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More Civilians Escape Baghuz, but ‘Most Hardened’ IS Fighters Remain

U.S.-backed forces are one step closer to liberating the last patch of Syrian territory held by the Islamic State terror group, but a final assault could still be days away.

"The most hardened of ISIS fighters still remain," the global coalition tweeted Wednesday, using an acronym for the terror group, adding that U.S.-backed forces "continue to receive civilians attempting to escape to safety."

The coalition statement came hours after the Kurdish-led Syrian Democratic Forces broke a stalemate with IS fighters still holed up in the village of Baghuz, securing the release of hundreds of civilians, including women and children.

"After many days of trying, we were able to evacuate the first batch today," SDF spokesman Mustafa Bali told the French news agency (AFP).

Witnesses said they saw a convoy of about 10 trucks leave the Islamic State's last enclave, a patch of land covered with tents spanning no more than several hundred square meters.

They said the trucks carried hundreds of people. At least two of the trucks carried men identified as IS fighters who had surrendered.

A senior SDF official said an initial estimate shows that in all, as many as 2,000 people made it out of Baghuz Wednesday. But he said possibly 1,000 more remain, all of them IS fighters or IS families, and that the majority are originally from Iraq.

But SDF officials said they are hesitant to move in on the remaining fighters until all the civilians can be evacuated.

SDF can't launch the last offensive with them remaining in the camp," SDF Commander Zana Amedi tweeted Wednesday. "Operations to rescue civilians are likely to continue in coming days, since thousands remain trapped."

Rumors of a deal between the SDF and the remaining IS fighters have been circulating for days. The SDF first sent the trucks into Baghuz on Tuesday to evacuate civilians, but SDF commanders said they were prevented from leaving when IS fighters opened fire.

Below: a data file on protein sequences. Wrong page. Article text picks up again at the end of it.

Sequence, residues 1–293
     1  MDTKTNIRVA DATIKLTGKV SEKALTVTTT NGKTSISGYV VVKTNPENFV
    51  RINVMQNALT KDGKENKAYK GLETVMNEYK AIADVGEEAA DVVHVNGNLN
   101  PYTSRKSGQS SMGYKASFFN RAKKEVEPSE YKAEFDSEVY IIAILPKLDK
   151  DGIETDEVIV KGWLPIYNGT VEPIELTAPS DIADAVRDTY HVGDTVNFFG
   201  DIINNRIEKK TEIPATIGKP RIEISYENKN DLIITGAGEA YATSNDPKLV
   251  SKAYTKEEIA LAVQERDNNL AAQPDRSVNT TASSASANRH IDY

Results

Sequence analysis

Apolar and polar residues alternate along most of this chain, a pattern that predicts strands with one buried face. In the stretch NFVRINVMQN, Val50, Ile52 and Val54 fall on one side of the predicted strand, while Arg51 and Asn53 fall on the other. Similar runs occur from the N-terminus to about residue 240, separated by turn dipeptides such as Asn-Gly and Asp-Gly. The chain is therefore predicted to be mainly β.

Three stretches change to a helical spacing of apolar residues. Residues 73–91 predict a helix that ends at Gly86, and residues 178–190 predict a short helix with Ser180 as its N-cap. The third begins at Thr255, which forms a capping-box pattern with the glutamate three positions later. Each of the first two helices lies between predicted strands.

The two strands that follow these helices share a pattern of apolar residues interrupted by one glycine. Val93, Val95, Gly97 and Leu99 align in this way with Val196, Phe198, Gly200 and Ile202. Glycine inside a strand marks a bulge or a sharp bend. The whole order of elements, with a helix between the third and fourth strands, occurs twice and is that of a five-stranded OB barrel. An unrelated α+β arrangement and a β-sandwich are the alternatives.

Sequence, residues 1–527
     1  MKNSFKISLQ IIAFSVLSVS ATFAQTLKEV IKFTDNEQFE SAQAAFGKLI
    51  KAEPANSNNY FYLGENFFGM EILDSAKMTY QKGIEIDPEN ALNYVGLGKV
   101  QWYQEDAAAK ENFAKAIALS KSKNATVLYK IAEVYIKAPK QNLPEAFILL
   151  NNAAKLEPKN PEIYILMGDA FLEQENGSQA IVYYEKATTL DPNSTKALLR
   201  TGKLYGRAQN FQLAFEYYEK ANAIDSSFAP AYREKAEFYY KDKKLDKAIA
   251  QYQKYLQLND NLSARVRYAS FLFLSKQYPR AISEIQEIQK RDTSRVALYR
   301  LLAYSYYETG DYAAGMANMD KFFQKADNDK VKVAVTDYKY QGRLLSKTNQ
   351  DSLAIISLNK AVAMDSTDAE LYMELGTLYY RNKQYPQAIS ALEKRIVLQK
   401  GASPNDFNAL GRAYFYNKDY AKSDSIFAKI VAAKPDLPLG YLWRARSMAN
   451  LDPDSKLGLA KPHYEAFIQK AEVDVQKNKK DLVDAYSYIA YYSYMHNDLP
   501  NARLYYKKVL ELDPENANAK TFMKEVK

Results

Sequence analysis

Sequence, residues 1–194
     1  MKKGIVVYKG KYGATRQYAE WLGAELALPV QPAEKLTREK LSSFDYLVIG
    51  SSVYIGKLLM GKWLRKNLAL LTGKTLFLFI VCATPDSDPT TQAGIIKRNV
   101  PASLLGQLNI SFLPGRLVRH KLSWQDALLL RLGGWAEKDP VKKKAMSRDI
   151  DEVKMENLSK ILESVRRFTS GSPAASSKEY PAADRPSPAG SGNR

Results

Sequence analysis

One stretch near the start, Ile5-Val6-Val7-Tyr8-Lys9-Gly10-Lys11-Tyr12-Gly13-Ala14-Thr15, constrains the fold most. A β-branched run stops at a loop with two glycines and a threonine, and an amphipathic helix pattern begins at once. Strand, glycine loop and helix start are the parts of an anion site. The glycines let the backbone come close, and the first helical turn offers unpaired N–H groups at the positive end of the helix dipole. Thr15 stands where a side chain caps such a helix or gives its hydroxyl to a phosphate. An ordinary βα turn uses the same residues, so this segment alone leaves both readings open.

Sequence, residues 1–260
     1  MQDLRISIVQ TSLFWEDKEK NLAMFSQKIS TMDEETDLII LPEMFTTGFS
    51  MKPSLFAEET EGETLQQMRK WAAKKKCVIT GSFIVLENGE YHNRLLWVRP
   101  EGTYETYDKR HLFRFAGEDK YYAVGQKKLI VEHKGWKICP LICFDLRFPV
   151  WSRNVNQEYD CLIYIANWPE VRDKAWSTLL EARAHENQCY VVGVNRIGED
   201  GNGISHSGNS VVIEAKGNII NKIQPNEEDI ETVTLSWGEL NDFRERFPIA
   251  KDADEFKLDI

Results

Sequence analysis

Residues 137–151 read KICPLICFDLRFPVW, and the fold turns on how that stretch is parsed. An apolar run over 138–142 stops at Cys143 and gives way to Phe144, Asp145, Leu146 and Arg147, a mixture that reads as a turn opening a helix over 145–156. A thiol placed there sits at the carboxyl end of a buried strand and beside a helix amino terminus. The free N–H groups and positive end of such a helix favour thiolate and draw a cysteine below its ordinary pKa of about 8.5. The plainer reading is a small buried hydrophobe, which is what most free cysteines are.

Late Tuesday, witnesses reported two coalition airstrikes targeting parts of the IS enclave.

SDF and coalition officials estimate there are still about 300 IS fighters in Baghuz, and there have been ongoing attacks by small groups of IS fighters � some thought to be part of sleeper cells � on SDF positions throughout the area.

"Most of them are seriously wounded or sick," SDF commander Zana Amedi tweeted Tuesday, adding the IS holdouts were facing the "beginning of the end."

"SDF made final warning to remaining militants to surrender," he added.

Thousands of people, including civilians and some suspected foreign fighters who had joined IS, have streamed out of Baghuz over the past several weeks.

Many have ended up in camps like al-Hol in northeastern Syria, unsure of what will become of them. And SDF officials have said they have at least 800 foreign fighters in custody.


The U.S. is demanding that its European allies, like Britain, France and Germany, repatriate any citizens who joined IS and prosecute them. But many of the countries have pushed back.

Britain announced Tuesday that it was stripping the citizenship of 19-year-old Shamima Begum, who ran away to join IS in 2015.

On Wednesday, Germany's interior minister said in a newspaper interview that his country would need to certify the identities of any German IS fighters and their families, and know what they allegedly did with the terror group "before anyone gets put on a plane."

U.S. troops

The impending end of IS's physical caliphate could also hasten the withdrawal of U.S. forces from Syria.

U.S. President Donald Trump first announced the pullout in December, and tweeted Saturday "We are pulling back after 100% Caliphate victory!"

Kurdish forces say they expect total defeat of IS in Syria by the end of the week.

"In a few days, we will announce a great victory over the largest terrorist organization that waged war on the world," a senior Kurdish fighter said Tuesday.

But U.S. defense and intelligence officials have warned that even after the terror group's self-declared caliphate falls, there are still up to 30,000 IS fighters spread across Syria and Iraq, many of whom have already begun engaging in a full-scale insurgency.

Source: Voice of America